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The situation as with any revolution changes from hour to hour. Any evaluation will undoubtedly be overtaken by events within a few hours or days. But already we can say that the Tunisia and Egyptian people are writing the first pages of the revolutions of the 21st century. They are sending shock waves throughout the Arab world, from Algiers to Ramallah, from Amman to Sana’a in Yemen.
Michel Husson offers a contribution to the debate on how the European left should respond to the economic crisis and argues that leaving the euro is not currently an option for countries which use it.
Olivier Besancenot, spokesperson for the Nouveau Parti Anti-Capitaliste was in Tunisia earlier this week to find out about the revolution happening there. Here are his impressions.
an interview with Daniel Tanuro about his new book
“Faced with the world-wide crisis of capitalism, the workers and the population of Tunisia show us the only possible way out: the most resolute struggle. To organize and fight here for an alternative to the capitalist world order and to imperialism which is at the heart of it, is also a support for all oppressed people, just as their struggles are a support and a real encouragement for us. ”
The 1960s were worldwide a period of turbulence and change. But whereas in many parts of the world, the decade is often remembered as a time of exuberance and hope, in Indonesia it’s split in half by a wave of intense violence. About 45 years ago, one of the great crimes of the twentieth century took place: from early October 1965 to March 1966, after a coup attempt by pro-Communist Party officers backfired, Indonesia witnessed the bloodiest massacres in its history.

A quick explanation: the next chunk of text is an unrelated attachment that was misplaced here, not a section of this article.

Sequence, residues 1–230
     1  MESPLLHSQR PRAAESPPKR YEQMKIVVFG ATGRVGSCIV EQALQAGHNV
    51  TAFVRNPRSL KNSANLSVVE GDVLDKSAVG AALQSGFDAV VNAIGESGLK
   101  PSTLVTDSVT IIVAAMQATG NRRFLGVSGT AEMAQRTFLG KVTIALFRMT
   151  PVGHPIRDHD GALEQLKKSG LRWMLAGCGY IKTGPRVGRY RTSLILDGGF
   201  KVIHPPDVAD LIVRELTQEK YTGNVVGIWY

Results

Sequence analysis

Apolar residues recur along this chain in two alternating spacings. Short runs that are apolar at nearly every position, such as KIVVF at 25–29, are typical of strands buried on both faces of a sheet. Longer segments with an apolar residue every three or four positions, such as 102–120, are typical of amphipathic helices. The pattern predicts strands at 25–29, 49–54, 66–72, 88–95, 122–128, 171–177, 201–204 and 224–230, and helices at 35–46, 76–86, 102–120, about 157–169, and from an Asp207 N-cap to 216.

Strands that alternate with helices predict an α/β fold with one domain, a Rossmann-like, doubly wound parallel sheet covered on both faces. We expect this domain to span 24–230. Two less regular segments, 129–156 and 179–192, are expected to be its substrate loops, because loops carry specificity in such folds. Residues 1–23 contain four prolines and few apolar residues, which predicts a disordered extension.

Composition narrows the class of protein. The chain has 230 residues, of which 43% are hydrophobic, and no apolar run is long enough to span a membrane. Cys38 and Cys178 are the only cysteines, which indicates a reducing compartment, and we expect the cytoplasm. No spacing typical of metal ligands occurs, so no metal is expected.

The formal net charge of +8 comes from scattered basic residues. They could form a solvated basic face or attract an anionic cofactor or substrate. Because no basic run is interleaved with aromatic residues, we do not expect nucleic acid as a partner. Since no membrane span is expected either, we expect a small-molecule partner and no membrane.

The people of Europe should audit their creditors. It is not logical to repay illegitimate debts . Debt default and the denial of debt repayment have been linked to a national disaster. These “revelation images” are aimed to make people accept the policies that are being applied.
All victory to the Tunisian Revolution; the forefront of the revolution in North Africa and the Middle East19 January 2011, by
An Arab tyrant has finally fallen through a popular revolution. After 23 years of tyranny, robbery and oppression, the dictator Ben Ali fled, humiliated and disqualified, hearing the revolutionary Tunisian people shouting: “Ben Ali, get out!”
Tipaza, Algiers, Oran, Djelfa, Batna, Béjaïa, Chlef, Bordj… the riots which spread throughout the country underline the failure of the policy followed for several decades and confirm that the choice of neoliberalism contradicts the meeting of the elementary needs of the popular masses.
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